Smith Lab Research Projects

Project I: Human and Nonhuman Primate Cranial Morphology and Evolution

This multifaceted research program focuses on cranial evolution and morphological variation in humans and nonhuman primates. This research involves collecting 3D scans and digitized 3D landmark-based data, which are evaluated using geometric morphometric analyses to compare cranial shape differences among individuals, populations, and taxa. The projects within this research focus include studies on microevolutionary modeling in human cranial shape,  the ontogenetic patterning of human temporal bone growth, the phylogenetic utility of hominoid (ape) cranial morphology, and an individual-level investigation of molecules vs. morphology in a Native American population.


Project II: Evolution of the Cecal Appendix in Mammals

This project focuses on the evolution, morphological variation, and phylogenetic distribution of the cecal appendix. The goal of this research has been to track the evolutionary history of the cecal appendix throughout mammalian evolution, and identify its anatomical and ecological correlates that may explain why it exists and has evolved independently several times throughout mammalian evolution. The results of this project have included two peer-reviewed publications, one of was selected for their "Highlights of Recent Literature" by Science magazine, and an invited international plenary lecture conference invitation.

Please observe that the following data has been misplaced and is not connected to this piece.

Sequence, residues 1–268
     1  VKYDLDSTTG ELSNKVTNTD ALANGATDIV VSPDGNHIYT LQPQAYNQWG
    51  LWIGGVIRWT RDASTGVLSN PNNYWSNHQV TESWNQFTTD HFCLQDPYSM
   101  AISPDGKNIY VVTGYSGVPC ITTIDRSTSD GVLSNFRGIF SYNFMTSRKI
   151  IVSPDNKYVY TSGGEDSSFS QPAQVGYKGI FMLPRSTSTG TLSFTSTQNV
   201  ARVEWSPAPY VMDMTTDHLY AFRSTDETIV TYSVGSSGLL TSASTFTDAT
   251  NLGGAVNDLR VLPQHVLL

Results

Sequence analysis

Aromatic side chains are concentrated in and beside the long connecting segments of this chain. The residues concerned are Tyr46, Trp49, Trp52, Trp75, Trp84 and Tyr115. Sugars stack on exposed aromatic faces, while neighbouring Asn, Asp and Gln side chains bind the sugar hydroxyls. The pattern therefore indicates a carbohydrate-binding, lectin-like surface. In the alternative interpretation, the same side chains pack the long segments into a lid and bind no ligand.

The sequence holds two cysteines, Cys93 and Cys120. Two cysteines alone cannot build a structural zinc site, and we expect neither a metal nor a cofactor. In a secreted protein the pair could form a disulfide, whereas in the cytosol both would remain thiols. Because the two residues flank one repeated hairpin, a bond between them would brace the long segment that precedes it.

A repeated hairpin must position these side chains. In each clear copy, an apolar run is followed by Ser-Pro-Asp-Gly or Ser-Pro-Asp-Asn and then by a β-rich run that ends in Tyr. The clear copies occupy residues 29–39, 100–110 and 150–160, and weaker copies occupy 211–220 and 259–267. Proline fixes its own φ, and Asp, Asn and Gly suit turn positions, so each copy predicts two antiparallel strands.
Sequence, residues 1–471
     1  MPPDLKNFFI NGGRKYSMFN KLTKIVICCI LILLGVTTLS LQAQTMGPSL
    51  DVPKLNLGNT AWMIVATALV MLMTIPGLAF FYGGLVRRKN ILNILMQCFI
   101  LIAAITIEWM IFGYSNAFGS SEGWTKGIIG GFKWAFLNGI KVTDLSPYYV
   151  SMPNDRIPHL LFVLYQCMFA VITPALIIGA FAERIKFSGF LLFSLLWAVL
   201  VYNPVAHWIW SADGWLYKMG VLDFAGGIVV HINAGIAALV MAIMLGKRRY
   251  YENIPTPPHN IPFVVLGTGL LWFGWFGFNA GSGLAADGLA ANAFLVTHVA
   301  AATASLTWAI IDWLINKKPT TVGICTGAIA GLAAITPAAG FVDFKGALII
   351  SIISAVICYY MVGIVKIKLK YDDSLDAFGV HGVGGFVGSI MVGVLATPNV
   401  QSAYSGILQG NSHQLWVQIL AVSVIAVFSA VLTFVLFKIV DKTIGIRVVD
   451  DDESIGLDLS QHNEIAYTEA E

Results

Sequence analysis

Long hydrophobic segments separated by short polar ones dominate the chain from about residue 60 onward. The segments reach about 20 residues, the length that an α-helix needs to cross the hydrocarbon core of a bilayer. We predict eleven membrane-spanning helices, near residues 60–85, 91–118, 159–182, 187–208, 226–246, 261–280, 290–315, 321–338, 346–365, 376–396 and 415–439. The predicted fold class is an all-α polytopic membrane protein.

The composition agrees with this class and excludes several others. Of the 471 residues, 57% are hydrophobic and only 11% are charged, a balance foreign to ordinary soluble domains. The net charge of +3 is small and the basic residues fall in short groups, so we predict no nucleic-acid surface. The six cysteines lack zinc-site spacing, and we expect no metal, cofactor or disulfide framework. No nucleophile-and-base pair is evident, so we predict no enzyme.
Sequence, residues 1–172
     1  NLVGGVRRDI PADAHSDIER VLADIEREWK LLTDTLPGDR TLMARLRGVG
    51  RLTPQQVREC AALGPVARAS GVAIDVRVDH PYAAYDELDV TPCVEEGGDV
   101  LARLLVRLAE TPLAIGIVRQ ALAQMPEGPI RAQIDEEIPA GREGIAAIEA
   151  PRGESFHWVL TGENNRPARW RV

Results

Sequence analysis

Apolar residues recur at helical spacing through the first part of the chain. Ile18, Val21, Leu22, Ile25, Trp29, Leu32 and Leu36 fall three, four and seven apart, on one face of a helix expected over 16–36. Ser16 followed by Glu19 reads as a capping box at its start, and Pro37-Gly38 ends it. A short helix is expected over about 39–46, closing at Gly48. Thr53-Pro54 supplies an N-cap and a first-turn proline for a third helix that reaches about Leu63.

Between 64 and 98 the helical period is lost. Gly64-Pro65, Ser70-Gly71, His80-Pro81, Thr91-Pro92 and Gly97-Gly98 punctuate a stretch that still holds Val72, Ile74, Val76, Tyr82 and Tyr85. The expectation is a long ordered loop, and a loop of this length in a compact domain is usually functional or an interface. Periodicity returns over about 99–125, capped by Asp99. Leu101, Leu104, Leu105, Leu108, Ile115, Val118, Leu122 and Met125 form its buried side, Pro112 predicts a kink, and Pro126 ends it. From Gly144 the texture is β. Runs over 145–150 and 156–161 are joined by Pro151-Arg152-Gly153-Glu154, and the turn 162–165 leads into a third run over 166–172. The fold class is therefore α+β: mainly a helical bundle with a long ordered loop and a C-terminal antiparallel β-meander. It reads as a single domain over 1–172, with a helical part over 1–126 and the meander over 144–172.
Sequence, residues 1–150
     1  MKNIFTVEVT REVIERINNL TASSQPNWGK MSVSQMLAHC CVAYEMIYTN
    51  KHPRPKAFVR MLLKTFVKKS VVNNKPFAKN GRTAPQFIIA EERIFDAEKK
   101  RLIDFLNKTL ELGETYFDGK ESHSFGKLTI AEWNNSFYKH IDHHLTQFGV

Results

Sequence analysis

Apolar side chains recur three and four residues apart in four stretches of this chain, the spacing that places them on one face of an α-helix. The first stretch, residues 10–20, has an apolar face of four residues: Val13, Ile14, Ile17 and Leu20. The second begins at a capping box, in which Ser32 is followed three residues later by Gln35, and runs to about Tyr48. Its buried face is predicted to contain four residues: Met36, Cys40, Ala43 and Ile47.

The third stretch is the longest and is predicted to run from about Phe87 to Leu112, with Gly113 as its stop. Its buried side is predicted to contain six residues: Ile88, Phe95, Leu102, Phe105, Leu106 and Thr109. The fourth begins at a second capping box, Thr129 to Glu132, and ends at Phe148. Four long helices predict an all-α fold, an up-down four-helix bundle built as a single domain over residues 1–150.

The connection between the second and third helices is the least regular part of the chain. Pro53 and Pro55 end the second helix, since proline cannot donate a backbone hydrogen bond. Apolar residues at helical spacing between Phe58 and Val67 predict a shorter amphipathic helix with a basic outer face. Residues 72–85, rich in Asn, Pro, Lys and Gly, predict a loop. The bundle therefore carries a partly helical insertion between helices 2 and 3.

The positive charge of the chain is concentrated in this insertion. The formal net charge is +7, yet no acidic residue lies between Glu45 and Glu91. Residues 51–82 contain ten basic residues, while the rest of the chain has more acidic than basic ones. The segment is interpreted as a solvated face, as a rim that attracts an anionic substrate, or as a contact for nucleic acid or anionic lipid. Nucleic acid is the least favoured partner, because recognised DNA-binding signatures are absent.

Project III: Eocene Turtle Evolution

The Smith lab has recently become involved in a new avenue of research on the evolution of turtle species in the Uinta Basin, Utah. The Uinta Formation contains an extremely rich and diverse assemblage of turtle and mammal fossils from the Uintan North American Land Mammal Age (46.2-42 Ma), which preserves the period immediately preceding the middle Eocene Climatic Optimum (MECO) warming interval. The Eocene represents a critical time in turtle evolution because it was characterized by dramatic climatic changes which ultimately resulted in the extinction of many turtle species, and even entire families, by the end of the epoch. This research will elucidate the evolutionary, anatomical, and ecological characteristics of many extinct turtle species, and provide valuable insight into adaptation and extinction events in response to climatic changes during the middle Eocene.